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Chapter 1

Chapter 1
Data Communications
and
NM Overview

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Mani Subramanian 2000
Chapter 1

Outline
Analogy of telephone network
Data and telecommunication network
Distributed computing environment
Internet
Protocols and standards
IT management
Network and system management
Current status and future of network management

Notes

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Chapter 1

Telephone Network
Characteristics:
Reliable - does what is expected of it
Dependable - always there when you need
it (remember 911?)
Good quality (connection) - hearing each
other well
Reasons:
Good planning, design, and implementation
Good operation and management of
network

Notes

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Telephone Network Model


To other
Regional centers
Sectional centers
Regional Center Regional Center Primary centers
Class 1 switch Class 1 switch Toll centers
End offices

To other
Sectional Center Sectional Center Primary centers
Class 2 switch Class 2 switch Toll centers
End offices

Primary Center Primary Center To other


Class 3 switch Class 3 switch Class 4 toll points
End offices

Toll Center Toll Center


Class 4 switch Class 4 switch

End Office End Office


Class 5 switch Class 5 switch
Legend:
Loop
Direct Trunk
Toll-Connecting Trunk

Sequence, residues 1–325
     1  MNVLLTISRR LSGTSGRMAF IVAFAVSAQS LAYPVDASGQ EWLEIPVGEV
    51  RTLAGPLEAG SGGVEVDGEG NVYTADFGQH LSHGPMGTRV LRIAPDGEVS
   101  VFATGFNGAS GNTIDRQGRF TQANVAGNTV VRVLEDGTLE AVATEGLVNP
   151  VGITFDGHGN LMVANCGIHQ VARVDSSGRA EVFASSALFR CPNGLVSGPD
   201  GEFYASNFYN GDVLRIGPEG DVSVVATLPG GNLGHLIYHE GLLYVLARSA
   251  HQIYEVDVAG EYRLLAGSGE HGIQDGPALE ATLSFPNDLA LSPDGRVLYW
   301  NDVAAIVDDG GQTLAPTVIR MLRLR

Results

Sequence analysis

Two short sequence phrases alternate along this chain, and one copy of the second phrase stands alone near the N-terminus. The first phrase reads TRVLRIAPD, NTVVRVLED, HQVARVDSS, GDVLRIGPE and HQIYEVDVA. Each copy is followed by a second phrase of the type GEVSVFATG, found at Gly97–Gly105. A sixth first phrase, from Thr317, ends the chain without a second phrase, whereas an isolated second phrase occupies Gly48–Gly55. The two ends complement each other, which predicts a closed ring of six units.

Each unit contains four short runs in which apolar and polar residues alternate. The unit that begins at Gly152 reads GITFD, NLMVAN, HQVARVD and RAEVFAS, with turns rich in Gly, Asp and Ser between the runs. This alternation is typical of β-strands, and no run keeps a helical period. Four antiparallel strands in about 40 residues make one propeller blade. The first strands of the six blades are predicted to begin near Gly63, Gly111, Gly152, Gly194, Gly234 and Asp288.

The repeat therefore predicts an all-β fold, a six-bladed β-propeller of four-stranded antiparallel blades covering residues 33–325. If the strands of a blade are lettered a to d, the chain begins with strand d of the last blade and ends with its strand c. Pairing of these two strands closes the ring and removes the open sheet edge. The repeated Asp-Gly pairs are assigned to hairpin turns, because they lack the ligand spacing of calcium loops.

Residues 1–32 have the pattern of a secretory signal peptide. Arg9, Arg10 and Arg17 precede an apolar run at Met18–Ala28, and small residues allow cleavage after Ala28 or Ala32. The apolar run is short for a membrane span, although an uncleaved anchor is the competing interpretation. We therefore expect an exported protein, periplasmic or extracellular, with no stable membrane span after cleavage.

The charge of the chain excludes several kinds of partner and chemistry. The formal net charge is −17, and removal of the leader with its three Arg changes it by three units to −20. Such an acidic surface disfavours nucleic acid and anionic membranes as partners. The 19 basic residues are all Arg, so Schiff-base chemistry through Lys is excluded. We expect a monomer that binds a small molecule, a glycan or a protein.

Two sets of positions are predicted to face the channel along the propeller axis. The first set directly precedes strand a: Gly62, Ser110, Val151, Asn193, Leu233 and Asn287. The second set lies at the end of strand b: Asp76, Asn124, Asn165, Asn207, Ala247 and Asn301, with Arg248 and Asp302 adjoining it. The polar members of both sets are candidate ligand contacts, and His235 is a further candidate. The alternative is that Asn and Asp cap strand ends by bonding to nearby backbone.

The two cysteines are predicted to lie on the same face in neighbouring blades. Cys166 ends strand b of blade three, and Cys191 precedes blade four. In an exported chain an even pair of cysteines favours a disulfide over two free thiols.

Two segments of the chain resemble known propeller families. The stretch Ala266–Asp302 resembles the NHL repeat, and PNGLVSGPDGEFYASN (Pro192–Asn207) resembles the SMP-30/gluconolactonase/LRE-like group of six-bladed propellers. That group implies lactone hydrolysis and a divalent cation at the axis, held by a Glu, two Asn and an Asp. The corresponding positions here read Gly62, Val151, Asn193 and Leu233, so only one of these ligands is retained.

Toll Trunk
Voice Voice

Figure 1.1 Telephone Network Model

Notes
Notice the hierarchy of switches
Primary and secondary routes programmed
Automatic routing
Where is the most likely failure?
Use of Operations Systems to ensure QoS

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Operations Systems / NOC


Monitor telephone network parameters
S/N ratio, transmission loss, call blockage, etc.
Real-time management of network
Trunk (logical entity between switches) maintenance
system measures loss and S/N. Trunks not meeting
QoS are removed before customer notices poor
quality
Traffic measurement systems measure call blockage.
Additional switch planned to keep the call blockage
below acceptable level
Operations systems are distributed at central offices
Network management done centrally from Network
Operations Center (NOC)

Notes

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Data and Telecommunication Network


Data communication network

Terminal Terminal
Host

Modem Modem Modem

Loop Loop Loop

Voice
Voice

Telecommunication network

Figure 1.3 Data and Telecommunication Networks

Notes
Computer data is carried over long distance by
telephone (telecommunication network)
Output of telephone is analog and output of
computers is digital
Modem is used to modulate and demodulate
computer data to analog format and back
Clear distinction between the two networks is
getting fuzzier with modern multimedia networks
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IBM SNA Architecture


Workstation Workstation

Cluster Cluster
controller controller

Communications
Communications
controller
controller

Mainframe

Figure 1.5 IBM Systems Network Architecture Model

Notes
IBM System Network Architecture (SNA) is a major
step in network architecture
SNA is based on multitude of (dumb) terminals
accessing a mainframe host at a remote location

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DCE with LAN


DCE.. Distributed Computing Environment

Workstation Host Workstation

Ethernet

Workstation
Host

(a) Hosts and Workstations on Local LAN

Notes
Driving technologies for DCE:
Desktop processor
LAN
LAN - WAN network